Across the country, utilities are using the same playbook of dirty tricks.
Conservative Energy Network will break it down for you play-by-play.

Home Field Advantage

Buy Community Support With Naming Rights

“It doesn’t make much sense for any public utility to spend large sums of money on sponsorships considering how little, if any, competition exists in these industries. The First Energy deal with the Browns is especially troublesome considering the electric company does not service the stadium, taxpayers already paid for the stadium, and the naming fee will go to the team’s owner, even though he doesn’t own the stadium.”

Exclusive Contracts

Creating a monopoly

A utility that is given exclusive right to provide goods and services to a specific area. Customers cannot opt-out or choose to receive service by other means.

The Blitz

Attack Any Policymaker In Your Way

“By operating this type of game to target politicians to get them out of office, hide the money, hide the campaign donations, it harms democracy,” said Matt Kasper, research director at the Energy and Policy Institute, a national watchdog organization that monitors utilities.”

Pass Interference

Protect the monopoly

Protectionism: The idea that those utilities who currently enjoy a granted monopoly will work to protect that monopoly by various means including: regulatory capture, promotion of laws and regulations that enact barriers to entry for future competitors, or outright illegal activity.

The Handoff

Get Your Cronies to Carry the Ball

While affiliate transactions certainly aren’t uncommon, Entergy is the king of affiliate transactions between electric affiliates. … Affiliate transactions have recently come under scrutiny.

Owning the Referees

By using Regulatory Capture

Refers to the regulated industry having a substantial amount of influence on the decisions that regulators make. This can be through campaign contributions, the real or perceived assurance of industry employment by regulators following their time in government office (‘revolving door’), or simply taking advantage of regulators with limited experience and expertise.

No Salary Cap for Electricity CEOs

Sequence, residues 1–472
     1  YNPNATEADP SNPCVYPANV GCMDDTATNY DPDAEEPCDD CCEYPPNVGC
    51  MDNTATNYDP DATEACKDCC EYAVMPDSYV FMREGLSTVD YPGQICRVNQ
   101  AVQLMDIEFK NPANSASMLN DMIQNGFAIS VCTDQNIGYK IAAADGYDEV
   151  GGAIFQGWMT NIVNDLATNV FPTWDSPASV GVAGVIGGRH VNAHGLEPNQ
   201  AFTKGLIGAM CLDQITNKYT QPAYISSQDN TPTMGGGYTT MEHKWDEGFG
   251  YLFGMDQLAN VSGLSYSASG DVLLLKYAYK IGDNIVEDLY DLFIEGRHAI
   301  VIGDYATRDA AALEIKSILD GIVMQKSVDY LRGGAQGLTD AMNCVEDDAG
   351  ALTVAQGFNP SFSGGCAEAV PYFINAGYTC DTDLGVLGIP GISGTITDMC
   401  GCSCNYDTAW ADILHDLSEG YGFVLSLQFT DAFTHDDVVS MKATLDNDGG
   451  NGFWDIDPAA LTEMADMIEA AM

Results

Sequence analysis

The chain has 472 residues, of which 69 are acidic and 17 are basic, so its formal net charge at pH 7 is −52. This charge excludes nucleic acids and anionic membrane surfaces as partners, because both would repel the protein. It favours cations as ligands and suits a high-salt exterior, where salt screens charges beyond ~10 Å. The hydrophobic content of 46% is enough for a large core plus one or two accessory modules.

Investor-owned utilities paid their CEOs over $1 billion between 2017 and 2019.

These companies offered their CEOs nearly $450 million in compensation in 2019, a raise of nearly 26% over the previous year.
For comparison, wages in the U.S. as a whole increased only 2.6% in 2019.

The average compensation for the CEOs was approximately $11 million in 2019.

This is troubling because these salaries are not based on free-market conditions. They are paid for by customers with no say in the matter and approved by the same regulators that utilities spend millions of dollars to lobby, influence, and even bribe.

Utility Hall of Shame

2014

Washington

In Washington, a legislative effort to undermine solar net metering is already underway

https://www.renewableenergyworld.com/2014/02/27/utility-interests-push-for-protectionism-in-state-of-washington/#gref 

2015

Massachusetts

Utilities want it all: Restrictions on solar harm low-income communities, renters, affordable housing complexes, businesses, and public school districts.

https://commonwealthmagazine.org/environment/its-time-to-sunburn-national-grid/

2016

Utah

Rocky Mountain power helps legislature pass bill to restructure electrical rates

https://archive.sltrib.com/article.php?id=3647139&itype=CMSID

2018

New Mexico

PNM spends $440,000 on 2018 elections to support regulators who will be more friendly to utility interests.

https://www.abqjournal.com/1179850/industryfunded-pacs-back-moderate-dems-in-primary.html

2019

South Carolina

A result of SCANA’s lies is that South Carolina ratepayers will pay $2.3 billion to cover the sunk cost of the scrapped project.

https://www.sec.gov/litigation/complaints/2020/scana-complaint-022720.pdf 

2020

Montana

Ratepayers saddled with costs associate with maintenance and environmental cleanup in a new NW energy deal.

https://themontanapost.com/blog/2020/02/19/end-montana-psc-secrecy-and-corruption/

2020

Ohio

FirstEnergy at center of the largest corruption scandal in Ohio allegedly involving over $60 Million 

https://www.energyandpolicy.org/utility-corruption/

2020

Illinois

ComEd has earned excessive profits from a regulatory structure set in place by a 2011 state law whose passage has been linked to a bribery scandal that’s embroiled key state lawmakers and ComEd’s former CEO…

https://www.greentechmedia.com/articles/read/comeds-long-running-state-regulatory-and-grid-investment-treatment-comes-under-fire

2021

South Carolina

Former SCANA CEO pleads guilty to conspiracy to commit mail and wire fraud….

https://www.justice.gov/usao-sc/pr/former-scana-ceo-pleads-guilty-conspiracy-commit-mail-and-wire-fraud

Hall of Shame

Some bad players can’t help themselves

First Energy

Dominion

Exelon

Who else deserves to be in the Utility Hall of Shame?

    More In-Depth Analysis

    Industry 101 | What is Regulation in the Utility Industry?
    Energy & Policy Institute: $144 Million for Ohio Bribery Scandal
    Power Play: Four Types of Scandals Utility Companies Get Into

    Expose your utility's playbook. We want to hear your stories!

    Help us chronicle electric utility misbehavior across the country.